It's that mutinous, lil muse who whispers into the precocious child's ear and instructs him to rebel, take that other path, often at cost of a top letter grade or some such other, paradigmatic American accolade, which is the first spark and onset of an individuality required for the emergence of greatness, if not genius.
When society "gets" it, it's praised and given lovely titles and names, and fosters - if luck plays its hand - the penultimate western-world prize, financial gain. From meeting basic, bare bones needs to achievement of fiscal wealth - preferably within the lifetime of said achiever - that is the kind of math we interpret as success. But when society doesn't "get" it, the expression, the works and their creators are quickly questioned if not labeled deviant or corrupt, then censored in the name of one of many conservative guises and squashed, medicated, analyzed and pie-charted into societal complacence, scholastic oblivion or rubble....
Standing out, up and apart from the rank and filers that otherwise populate this benevolent, generous earth of ours brings with it an imperative to not only embrace being "different," but also using that differentness to send out universal flares in search of other different ones who speak in similar tongues. The inherent rule of Mankind mandates some productive outcome, something that assists survival and helps mark time and place for posterity. Man as the humanoid survivalist creature sadly gets in the way far too often and supplants those mandates with competitive brokerage in the form of income and power requisites that result in destructive vetting, leaving the virtuous, organic pursuit of legacy via one's deeds and works in the dust as agendas are chased at cost to self and others - and the recording of our of own history.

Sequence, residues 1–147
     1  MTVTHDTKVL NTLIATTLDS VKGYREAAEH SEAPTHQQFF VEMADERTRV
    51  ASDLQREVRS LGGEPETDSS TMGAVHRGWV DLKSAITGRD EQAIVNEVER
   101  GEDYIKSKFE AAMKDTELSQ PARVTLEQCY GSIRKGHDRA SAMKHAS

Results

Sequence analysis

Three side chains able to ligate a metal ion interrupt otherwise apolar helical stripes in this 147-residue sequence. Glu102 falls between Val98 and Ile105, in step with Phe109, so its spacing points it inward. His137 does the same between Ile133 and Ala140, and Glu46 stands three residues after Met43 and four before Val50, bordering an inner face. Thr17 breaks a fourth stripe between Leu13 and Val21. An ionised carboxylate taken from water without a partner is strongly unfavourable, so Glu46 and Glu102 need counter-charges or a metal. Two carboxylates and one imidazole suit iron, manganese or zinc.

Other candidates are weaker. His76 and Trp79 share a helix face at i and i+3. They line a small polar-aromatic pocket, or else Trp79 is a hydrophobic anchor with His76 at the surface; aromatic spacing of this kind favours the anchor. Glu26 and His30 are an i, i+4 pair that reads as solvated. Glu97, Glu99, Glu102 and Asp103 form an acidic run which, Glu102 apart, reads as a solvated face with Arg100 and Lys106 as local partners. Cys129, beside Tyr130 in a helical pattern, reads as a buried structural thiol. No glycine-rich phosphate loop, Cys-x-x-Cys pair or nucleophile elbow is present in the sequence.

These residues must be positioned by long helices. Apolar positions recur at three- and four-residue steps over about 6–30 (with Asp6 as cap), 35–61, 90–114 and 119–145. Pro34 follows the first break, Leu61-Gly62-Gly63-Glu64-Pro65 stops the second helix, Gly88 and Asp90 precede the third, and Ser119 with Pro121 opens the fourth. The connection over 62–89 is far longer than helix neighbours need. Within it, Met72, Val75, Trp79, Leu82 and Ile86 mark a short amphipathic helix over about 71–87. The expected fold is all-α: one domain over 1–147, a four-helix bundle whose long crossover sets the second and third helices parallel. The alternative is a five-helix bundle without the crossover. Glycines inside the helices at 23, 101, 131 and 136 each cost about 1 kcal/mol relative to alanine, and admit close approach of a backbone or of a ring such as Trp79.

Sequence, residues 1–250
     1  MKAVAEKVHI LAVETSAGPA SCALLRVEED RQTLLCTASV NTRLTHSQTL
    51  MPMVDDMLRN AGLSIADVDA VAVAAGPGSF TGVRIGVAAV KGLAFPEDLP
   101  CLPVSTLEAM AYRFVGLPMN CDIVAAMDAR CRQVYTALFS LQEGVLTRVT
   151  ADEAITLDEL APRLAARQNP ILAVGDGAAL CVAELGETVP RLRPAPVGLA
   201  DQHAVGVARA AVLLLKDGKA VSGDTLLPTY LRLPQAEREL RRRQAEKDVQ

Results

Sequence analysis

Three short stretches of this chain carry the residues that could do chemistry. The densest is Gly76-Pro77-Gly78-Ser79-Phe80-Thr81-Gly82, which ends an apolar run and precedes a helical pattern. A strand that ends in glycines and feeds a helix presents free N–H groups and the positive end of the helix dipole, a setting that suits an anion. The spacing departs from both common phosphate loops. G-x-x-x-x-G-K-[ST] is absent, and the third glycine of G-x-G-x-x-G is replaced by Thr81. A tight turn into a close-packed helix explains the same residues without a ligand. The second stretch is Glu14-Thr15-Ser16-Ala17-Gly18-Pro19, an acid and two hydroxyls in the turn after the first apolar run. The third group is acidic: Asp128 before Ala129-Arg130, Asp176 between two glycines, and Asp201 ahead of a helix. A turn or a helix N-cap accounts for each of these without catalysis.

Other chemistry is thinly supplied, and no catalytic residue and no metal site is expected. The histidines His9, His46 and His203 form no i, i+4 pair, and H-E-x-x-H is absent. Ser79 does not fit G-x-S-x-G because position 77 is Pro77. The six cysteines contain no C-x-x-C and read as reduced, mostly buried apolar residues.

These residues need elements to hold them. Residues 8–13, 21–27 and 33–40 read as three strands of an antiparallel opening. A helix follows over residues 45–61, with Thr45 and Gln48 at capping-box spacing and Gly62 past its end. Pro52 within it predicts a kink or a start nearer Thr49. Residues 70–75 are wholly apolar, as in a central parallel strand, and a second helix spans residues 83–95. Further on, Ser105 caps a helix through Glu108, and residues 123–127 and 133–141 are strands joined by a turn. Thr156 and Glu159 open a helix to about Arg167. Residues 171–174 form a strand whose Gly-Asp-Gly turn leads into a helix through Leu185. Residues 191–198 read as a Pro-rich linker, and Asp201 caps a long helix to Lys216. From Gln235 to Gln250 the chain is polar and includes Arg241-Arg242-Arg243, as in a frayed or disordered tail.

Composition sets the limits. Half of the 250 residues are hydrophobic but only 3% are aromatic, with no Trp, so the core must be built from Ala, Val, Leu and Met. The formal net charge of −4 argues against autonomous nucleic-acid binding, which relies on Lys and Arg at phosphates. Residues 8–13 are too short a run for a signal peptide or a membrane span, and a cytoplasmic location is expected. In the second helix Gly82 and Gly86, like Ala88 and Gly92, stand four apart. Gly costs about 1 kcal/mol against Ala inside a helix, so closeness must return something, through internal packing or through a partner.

This past spring, I took my daughter and her 6th grade classmates on a tour of the Playscape at the Indianapolis Children's Museum, where a sizable collection of Hunt Slonem original paintings was acquired and is on partial display. The Playscape boasts a Bunny Wall and several larger works featuring tropical birds and creatures. While the Playscape is a tot-oriented, interactive exhibit, Hunt's scrumptious works are "no-touch" but all ages relevant. They are certainly high profile, as evidenced by the meteoric path Slonem has travelled as a top rung, globally celebrated and collected living artist. His original works grace national museums the world over and his licensed products, from high end upholstery fabric to designer knitwear, generate A-list celeb-caliber buzz. I can vouch for the addictive quality of Slonem paintings, having been completely taken in by them when happening upon an array at a local gallery two years ago (read on this in my HP article, Kindred Spirits: Hunt Slonem & Carmelo Blandino). While I applaud the Children's Museum savvy in their acquisition and good sense in creating an exhibit featuring Hunt's work, I wish the paintings were more accessible to all us "over-aged" kids, as the exhibit is strictly age monitored to give only the littlest museum goers and their chaperones unfettered access. If you do visit the museum, I encourage you to inquire beforehand for permission to view his works.